If I were suggest a change to the “normal use” layup of this boat, it would be to eliminate the 6oz tape over the fillets and use 4oz glass both inside and outside the entire hull.  This is a pretty standard layup for newer CLC designs what I use on my newer recreational boats.  For a stronger layup, I would suggest either 4 or 6 oz S-Glass on the interior and either 6 oz or two layers of 4 oz on the exterior of the hull.  If you are not familiar, S-Glass is 40% stronger that the normal E-Glass that comes with the kits.  It is also more expensive. 

Lastly, I agree with Laszlo that for a recreational boat a couple of extra pounds is of little consequence, at least while the boat is in the water.  It is another story when it comes to loading for transport.  For me, there is a magic weight somewhere in the upper 40 pound range where loading the boat on the roof racks starts to become difficult.  Where adding a couple of pounds to a 38# boat may not be an issue, those pounds added to a heavier design like the Chesapeake may be.           




RE: Glassing the interior hull

Excellent suggestions Mark_N. You've built enough of of these things to have a great handle on why & how to approach making mods.

I can claim but one CLC build to date yet I used my prior experience when I decided to beef up the sturdiness of my Waterlust canoe with extra 'glass & epoxy on the insides. Even with that, as my first go at stitch'n'glue it ended up within a pound or two of what Dillon targeted the bare hull weight at. NO WAY it's car-toppable either (at my age) so I'm glad I went down that path.  

RE: Glassing the interior hull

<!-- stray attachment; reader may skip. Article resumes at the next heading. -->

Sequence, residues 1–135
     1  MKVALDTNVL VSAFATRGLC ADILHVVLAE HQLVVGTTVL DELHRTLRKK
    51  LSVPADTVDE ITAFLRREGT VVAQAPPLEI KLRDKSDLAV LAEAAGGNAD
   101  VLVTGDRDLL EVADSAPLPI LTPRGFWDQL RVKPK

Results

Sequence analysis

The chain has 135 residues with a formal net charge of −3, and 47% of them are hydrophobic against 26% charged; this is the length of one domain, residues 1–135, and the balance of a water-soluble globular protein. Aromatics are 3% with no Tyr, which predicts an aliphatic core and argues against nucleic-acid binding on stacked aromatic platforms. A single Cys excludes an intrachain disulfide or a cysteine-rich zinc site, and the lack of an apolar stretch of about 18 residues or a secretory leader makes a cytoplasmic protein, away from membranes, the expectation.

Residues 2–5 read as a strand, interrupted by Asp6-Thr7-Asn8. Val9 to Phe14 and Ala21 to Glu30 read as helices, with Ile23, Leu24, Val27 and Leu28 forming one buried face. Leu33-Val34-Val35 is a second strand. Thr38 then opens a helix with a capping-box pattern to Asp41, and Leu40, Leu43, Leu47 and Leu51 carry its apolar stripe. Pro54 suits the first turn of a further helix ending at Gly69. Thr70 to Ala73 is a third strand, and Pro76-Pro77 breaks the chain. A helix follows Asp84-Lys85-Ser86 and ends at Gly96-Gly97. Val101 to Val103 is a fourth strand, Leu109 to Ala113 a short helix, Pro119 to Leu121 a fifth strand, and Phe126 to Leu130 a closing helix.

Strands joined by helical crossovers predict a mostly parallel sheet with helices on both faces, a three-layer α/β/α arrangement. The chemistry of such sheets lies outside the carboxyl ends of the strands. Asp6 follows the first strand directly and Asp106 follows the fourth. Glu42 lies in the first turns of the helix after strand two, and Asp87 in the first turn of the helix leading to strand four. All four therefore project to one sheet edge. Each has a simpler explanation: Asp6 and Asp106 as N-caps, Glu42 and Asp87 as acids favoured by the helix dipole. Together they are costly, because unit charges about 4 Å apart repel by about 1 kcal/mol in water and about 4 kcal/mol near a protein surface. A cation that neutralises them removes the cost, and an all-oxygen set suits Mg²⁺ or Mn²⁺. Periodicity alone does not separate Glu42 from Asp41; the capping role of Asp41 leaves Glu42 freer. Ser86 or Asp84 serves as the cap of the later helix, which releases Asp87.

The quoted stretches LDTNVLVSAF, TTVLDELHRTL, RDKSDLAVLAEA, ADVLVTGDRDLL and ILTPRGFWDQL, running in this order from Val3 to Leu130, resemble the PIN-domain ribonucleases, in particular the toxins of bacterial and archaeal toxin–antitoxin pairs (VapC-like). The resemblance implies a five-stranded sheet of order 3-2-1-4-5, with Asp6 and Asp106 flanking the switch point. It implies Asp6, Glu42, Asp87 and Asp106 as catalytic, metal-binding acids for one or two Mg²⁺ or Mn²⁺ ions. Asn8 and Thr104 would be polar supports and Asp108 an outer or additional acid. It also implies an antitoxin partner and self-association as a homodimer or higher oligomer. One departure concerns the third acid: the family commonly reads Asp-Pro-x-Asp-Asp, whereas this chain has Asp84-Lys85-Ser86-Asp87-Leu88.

Great discussion and insight everyone I really appreciate the feedback.  I live in SE Alaska and this kayak will most likely get used on multi day camping trips involving stuffing gear into an out of the storage compartments.  Additionally our tidal swings can be upwards of 20ft exposing reefs/rocks near and away from shore.  In our frigid and swift SE waters the last thing I want is an errant puncture.

My thinking is that since I plan on using this loaded with gear then some ounces to beef it up is a sacrifice worth making.  I keep going to Nick Schade's builds online where he's putting a glass layer on every surface similar to how you described Mark.  I'll most likely go by the marine store in town to get see what types and weights they have in stock.  Unfortunately, my local resources are limited so if I can't find anything then I'm left with what Amazon is willing to deliver to me.

If you're curious where I'm at in the process right now I've stitched together the hull and have placed in bulkheads and have leveled/faired the boat.  It was an exciting weekend.  I'll most likely be placing fillets in one "Compartment" at a time and fuly glassing the interior.  Due to my garage tempearature I'm using the West System rapid setting hardener that has the ability to cure down to 40 degrees.  I've been keeping my garage at around 60.  My wife will kill me if I keep the garage above 70 during the winter when our electric bills show up.  I'm not too concerned about the blush since 2/3'rds of this work is in storage compartments.  I did find a small Mas Anti Blush epoxy at the store the other day and snatched it.  I figure I'll use this for the deck and cockpit areas and West System for everything else (The hull is going to be painted).


RE: Glassing the interior hull

If present, amine blush will inhibit proper adhesion of epoxy and paint on epoxy.

It's not at all hard to remove, simply requires 'scrubbing' thoroughly with plain water-dampened synthetic abrasive material I've provided more info above in previous posts, then a thorough wiping down with clean cloths.

Even simply clean, water-dampened cotton cloth will effect removal, it's that important for good bonding of both additional epoxy layers as well as finishes like paint and/or oil-based varnish. 

RE: Glassing the interior hull

   Thank you for the clarity on that.  I'll ensure to go through that step in the process.